Internationally acclaimed French film-maker Alain Resnais (“Hiroshima mon Amour”, “Last Year at Marienbad”) once called the mystic and prophetic film-maker Chris Marker as an ‘alien’. It is not because Marker had inhuman-like physical attributes; it’s because of his elusive ruminations on memory and for the way he explored the relationship between image and movement in the cinema. “La Jetee” was one of Chris Marker’s early artistic intellectual work, which was a sci-fi short comprised entirely of still photographs attached with a narration. The short film told the story of a man sent back in time after World War III to find a solution to humanity’s dire situation. The story-line later inspired visionary film-maker to make “12 Monkeys” (Chris Marker’s influence also inspired works like “The Man who Fell to Earth, Until the End of the World”, etc).
“Sans Soleil” (translates into English as “Sunless”) is a part documentary, part travelogue and part video essay about a wandering cameraman, who sends off images and footage to an off-screen female narrator. Unlike “Qatsi Trilogy” or “Baraka”, “Sans Soleil” showcases assortment of images or visuals from which meaning is constructed rather than other way around (as the film opens with three Icelandic children, the narrator wonders where will it fit in this film) The images are meditated upon different times from different perspectives and it is an exercise that might continue in the viewer’s brain as long as their memory allows. Marker’s collage and words are so dense that makes multiple-viewings a must. For most people, cinema must be something they watch for entertainment during the weekend at a local multiplex. But, Marker’s uses the idea of cinema to ponder over the human condition, whose thought process and memory are one of the most enigmatic things on Earth.
The amalgamation of experimental cinema and video essay was used earlier in one of the most innovative works of cinema, “Man with a Movie Camera” (1929, by Dziga Vertov). In this 80 minute cinematic art, we see a man traveling around a Russian city documenting ordinary urban life in a dazzling manner. “Sans Soleil” was a highly philosophical companion to “Man with a Movie Camera”, in which Marker uses all the basic tools of cinema – juxtaposition, voice-over and stock footage – to plumb the labyrinthine part of our subconscious. Marker’s images find some link between disparate cultures – in Japan, Iceland, Guinea-Bissau and USA. He records street scenes of these cultures that range from mundane to enigmatic & exceptional. Contemporary Japan always seems to bring something new to Marker’ eyes: sleeping Japanese passengers on a ferry, on the subway; shrine for the spirit of lost cats; an animatronic JFK; exhibits of strange phallic statuary and a museum where stuffed animals copulate in vivid detail; the absurd censorship of adult content, etc.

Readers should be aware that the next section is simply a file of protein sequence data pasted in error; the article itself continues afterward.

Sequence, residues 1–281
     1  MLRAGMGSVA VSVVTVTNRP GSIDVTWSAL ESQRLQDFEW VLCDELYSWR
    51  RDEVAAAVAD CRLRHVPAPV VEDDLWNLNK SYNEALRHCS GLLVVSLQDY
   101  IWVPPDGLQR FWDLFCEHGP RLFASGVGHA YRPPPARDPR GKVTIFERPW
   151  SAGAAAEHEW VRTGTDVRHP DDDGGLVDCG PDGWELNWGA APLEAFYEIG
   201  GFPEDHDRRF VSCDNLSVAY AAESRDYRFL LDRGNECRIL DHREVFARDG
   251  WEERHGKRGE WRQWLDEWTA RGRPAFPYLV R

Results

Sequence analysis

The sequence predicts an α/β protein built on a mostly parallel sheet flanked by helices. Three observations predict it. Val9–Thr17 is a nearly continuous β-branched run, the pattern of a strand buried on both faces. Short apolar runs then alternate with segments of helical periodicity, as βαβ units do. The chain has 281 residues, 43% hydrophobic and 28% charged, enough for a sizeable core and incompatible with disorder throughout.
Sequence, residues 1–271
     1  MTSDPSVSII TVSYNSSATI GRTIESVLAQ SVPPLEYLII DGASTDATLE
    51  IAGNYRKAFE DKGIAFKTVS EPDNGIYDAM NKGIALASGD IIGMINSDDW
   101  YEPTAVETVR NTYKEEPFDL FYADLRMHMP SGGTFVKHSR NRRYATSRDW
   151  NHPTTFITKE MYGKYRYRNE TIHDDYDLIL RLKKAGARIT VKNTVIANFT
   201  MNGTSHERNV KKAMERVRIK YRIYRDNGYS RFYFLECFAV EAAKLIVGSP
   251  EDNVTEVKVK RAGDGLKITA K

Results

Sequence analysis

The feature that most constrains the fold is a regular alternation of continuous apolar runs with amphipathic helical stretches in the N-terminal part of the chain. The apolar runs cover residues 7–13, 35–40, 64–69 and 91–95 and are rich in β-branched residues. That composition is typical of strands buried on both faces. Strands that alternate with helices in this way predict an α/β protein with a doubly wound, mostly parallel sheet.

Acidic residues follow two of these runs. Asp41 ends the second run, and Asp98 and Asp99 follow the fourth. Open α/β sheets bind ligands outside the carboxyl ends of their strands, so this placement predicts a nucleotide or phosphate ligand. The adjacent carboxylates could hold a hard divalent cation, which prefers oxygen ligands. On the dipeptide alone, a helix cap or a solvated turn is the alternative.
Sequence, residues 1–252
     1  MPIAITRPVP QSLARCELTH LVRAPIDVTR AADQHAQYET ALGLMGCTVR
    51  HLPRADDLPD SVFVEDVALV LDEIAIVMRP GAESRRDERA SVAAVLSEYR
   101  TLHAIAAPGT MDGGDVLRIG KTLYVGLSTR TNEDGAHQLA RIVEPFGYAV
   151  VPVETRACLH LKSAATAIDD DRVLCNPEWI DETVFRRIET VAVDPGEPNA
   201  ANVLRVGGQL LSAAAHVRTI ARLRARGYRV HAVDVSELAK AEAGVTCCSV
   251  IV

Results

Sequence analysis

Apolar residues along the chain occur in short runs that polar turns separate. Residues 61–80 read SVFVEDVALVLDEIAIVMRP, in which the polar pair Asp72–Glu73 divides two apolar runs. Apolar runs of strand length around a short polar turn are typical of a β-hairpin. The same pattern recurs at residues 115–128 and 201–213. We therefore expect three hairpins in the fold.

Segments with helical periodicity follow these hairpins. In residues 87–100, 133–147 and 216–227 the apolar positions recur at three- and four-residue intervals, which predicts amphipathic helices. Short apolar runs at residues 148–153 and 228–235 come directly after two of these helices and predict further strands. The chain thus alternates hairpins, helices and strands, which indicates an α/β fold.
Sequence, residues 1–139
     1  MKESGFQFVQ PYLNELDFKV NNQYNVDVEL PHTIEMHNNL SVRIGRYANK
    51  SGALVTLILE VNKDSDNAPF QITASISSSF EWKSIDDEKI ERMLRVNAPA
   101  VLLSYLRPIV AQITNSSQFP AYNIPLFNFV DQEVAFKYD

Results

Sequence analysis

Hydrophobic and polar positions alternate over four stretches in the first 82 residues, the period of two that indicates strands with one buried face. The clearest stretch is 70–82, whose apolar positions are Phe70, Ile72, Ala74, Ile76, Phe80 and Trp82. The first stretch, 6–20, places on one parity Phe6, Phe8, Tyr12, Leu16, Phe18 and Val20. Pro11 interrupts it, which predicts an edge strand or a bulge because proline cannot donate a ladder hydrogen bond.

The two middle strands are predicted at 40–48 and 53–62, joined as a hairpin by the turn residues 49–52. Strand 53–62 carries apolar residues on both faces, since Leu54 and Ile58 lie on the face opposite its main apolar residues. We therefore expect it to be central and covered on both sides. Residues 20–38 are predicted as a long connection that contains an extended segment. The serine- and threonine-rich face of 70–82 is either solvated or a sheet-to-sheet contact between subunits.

Marker travels to the outskirts of Guinea Bissau, an African country wounded by recurring revolutions, and takes pictures of the countries’ working-class people. Later he juxtaposes those images with a commentary on the revolution that topped Portugese rule. The narration states how the revolution was one of the first victories in guerilla warfare, but also goes on to add “Who remembers all that? History throws its empty bottles out the window”. The revolution had only allowed the local tyrants to feast and the memory of the earlier guerilla war has itself transformed to an eroded memory. Most of the themes in Marker’s work defy easy explanation. But, the phenomenon of abstract thoughts is never meant to be expressed in a clear-cut manner.
The most interesting aspect of the documentary is Marker’s attempt in San Francisco to visit key film locations of Alfred Hitchcock’s “Vertigo”. Through the Hitchcock classic, Marker observes how un-lived fantasies show in film becomes more real and obsessive for us than the real things that happen in our lives. The documentary’s subject matter may not appeal to viewers with a rigid idea about cinema, although this is deemed as one of the most accessible metaphysical works of cinema. Ultimately, the profundity or obscurity is what makes “Sans Soleil” (104 minutes) a highly rewarding (and may be a slightly frustrating) experience of cinema.